Longitudinal study of parent caregiving self-efficacy and parent stress reactions with pediatric cancer treatment procedures

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Pain/distress during pediatric cancer treatments has substantial psychosocial consequences for children and families. We examined relationships between parents' caregiving self-efficacy, parents' affect in response to their children's cancer-related treatment procedures, and parents' symptoms of post-traumatic stress at follow-up.


Participants were 75 pediatric cancer patients and parents. On the day of each of three procedures (i.e., port-start, lumbar puncture, or bone marrow aspiration), parents rated their self-efficacy for six caregiving goals. Parents also self-reported their negative affect (i.e., state anxiety, negative mood, and distress) in response to each procedure. Three months after the last procedure, parents reported their level of post-traumatic stress symptoms (PTSS).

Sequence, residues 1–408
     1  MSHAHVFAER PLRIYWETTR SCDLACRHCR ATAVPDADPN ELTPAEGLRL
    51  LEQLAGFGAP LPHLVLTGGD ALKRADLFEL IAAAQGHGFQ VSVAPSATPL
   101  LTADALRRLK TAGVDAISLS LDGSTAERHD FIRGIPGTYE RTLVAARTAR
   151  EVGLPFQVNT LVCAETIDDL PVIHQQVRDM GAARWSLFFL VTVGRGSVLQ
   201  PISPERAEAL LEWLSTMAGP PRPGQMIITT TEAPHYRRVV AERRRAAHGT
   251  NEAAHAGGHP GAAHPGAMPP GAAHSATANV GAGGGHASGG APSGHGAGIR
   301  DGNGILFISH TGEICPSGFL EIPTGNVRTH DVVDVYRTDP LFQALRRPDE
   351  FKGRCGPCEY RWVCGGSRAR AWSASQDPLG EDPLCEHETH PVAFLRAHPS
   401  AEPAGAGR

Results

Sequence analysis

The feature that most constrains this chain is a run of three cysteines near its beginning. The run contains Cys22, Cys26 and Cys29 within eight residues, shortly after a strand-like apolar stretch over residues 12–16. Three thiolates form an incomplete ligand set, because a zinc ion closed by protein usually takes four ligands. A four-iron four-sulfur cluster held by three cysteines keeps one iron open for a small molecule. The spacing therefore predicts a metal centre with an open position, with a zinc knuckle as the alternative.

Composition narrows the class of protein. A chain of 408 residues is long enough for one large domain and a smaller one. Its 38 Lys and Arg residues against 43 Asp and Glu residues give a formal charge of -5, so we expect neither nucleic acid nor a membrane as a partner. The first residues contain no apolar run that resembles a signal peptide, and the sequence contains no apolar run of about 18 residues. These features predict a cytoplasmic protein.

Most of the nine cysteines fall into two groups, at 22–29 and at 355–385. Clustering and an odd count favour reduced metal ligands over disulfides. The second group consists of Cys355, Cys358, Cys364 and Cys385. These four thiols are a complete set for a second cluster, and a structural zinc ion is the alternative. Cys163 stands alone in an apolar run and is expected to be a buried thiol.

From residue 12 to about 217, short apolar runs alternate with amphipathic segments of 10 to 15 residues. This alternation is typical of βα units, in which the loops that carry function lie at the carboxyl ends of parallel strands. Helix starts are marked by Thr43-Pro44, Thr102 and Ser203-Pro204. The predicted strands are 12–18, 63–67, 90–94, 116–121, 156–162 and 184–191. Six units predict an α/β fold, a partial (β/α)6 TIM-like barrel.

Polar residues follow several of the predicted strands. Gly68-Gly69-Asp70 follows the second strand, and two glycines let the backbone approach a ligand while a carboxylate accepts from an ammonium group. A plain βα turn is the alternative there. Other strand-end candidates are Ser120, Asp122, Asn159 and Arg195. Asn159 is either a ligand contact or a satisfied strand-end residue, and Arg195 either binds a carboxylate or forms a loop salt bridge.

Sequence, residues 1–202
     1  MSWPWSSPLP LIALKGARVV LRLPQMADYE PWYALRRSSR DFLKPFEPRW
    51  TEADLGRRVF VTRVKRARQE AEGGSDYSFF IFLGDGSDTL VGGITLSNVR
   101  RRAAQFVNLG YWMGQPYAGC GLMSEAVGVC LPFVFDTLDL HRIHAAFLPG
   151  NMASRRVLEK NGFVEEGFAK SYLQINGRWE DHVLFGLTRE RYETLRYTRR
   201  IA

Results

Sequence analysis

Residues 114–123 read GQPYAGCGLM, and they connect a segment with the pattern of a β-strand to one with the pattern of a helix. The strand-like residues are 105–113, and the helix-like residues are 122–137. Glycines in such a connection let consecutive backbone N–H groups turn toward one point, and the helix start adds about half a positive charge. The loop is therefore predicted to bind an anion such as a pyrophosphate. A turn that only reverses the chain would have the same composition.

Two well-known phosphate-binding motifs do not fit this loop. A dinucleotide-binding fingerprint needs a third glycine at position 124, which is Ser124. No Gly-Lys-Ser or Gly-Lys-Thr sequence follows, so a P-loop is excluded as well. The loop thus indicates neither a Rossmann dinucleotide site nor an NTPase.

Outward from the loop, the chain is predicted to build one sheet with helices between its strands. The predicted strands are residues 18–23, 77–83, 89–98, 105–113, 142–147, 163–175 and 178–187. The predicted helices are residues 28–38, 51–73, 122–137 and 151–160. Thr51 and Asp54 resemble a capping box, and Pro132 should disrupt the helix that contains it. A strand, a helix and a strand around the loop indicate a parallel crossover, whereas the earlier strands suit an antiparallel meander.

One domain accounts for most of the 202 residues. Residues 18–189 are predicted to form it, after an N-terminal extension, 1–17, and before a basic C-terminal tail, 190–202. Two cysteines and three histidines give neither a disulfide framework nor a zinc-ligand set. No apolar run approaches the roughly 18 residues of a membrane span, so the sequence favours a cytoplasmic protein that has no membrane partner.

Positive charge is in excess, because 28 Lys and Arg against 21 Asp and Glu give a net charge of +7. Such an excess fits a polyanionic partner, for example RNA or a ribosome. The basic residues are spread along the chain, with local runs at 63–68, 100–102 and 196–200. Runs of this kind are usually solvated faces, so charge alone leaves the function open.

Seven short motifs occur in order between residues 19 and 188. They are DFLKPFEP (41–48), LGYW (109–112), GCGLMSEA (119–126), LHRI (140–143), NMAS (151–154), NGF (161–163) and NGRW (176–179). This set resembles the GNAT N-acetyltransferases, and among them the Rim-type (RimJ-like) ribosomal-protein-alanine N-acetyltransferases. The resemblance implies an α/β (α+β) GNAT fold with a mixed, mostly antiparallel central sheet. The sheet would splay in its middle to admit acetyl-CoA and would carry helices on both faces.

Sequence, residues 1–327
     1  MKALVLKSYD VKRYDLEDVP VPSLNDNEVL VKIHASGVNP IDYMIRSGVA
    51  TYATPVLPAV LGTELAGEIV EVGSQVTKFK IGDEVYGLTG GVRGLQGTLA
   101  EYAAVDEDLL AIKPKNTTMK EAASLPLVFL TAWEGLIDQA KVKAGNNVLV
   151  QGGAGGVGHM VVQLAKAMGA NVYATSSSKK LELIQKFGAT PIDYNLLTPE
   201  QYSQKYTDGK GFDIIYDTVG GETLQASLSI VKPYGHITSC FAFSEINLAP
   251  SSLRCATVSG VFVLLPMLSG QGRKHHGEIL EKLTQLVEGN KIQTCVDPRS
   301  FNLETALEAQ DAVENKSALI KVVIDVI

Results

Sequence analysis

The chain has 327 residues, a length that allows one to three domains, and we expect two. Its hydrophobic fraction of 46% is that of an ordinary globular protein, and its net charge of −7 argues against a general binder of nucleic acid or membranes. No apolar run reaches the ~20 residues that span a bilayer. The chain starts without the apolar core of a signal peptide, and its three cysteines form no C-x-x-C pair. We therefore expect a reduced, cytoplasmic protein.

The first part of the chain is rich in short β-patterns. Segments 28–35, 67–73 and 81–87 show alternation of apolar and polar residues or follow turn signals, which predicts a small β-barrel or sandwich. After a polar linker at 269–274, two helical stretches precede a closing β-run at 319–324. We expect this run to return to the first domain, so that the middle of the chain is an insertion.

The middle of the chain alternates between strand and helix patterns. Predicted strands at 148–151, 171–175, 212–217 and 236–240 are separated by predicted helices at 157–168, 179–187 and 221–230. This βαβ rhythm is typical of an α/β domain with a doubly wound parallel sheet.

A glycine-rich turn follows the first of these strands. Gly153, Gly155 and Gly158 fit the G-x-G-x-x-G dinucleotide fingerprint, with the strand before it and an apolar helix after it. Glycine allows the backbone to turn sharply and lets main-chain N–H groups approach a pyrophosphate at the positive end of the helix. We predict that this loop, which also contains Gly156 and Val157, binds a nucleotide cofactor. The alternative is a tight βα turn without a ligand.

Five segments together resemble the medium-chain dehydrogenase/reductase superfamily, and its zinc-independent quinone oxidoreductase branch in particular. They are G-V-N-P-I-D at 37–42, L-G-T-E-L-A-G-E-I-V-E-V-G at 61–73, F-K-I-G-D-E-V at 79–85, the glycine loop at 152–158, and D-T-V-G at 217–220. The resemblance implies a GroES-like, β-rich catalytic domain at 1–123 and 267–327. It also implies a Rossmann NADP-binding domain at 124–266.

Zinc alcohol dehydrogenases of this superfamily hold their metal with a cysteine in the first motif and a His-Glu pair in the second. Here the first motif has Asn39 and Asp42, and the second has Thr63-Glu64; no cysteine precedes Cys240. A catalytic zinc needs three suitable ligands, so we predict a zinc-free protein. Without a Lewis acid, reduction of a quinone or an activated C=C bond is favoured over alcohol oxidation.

Higher parent self-efficacy about keeping children calm before treatment and/or keeping children calm during the procedure was associated with lower state anxiety. Self-efficacy for keeping the child calm during procedures was significantly correlated with distress in parents at the time of procedures, and self-efficacy for keeping the child calm before procedures was significantly correlated with PTSS. All three negative affect measures significantly mediated the effects of parents' caregiving self-efficacy for both goals on parents' PTSS 3 months later.


Parents' caregiving self-efficacy influences their immediate and longer-term distress reactions to their children's treatment procedures. These findings provide a more nuanced understanding of how parents' cognitions contribute to their ability to cope with their children's treatment and suggest the benefit of an intervention that targets parents' procedure-specific caregiver self-efficacy. Copyright © 2012 John Wiley & Sons, Ltd.

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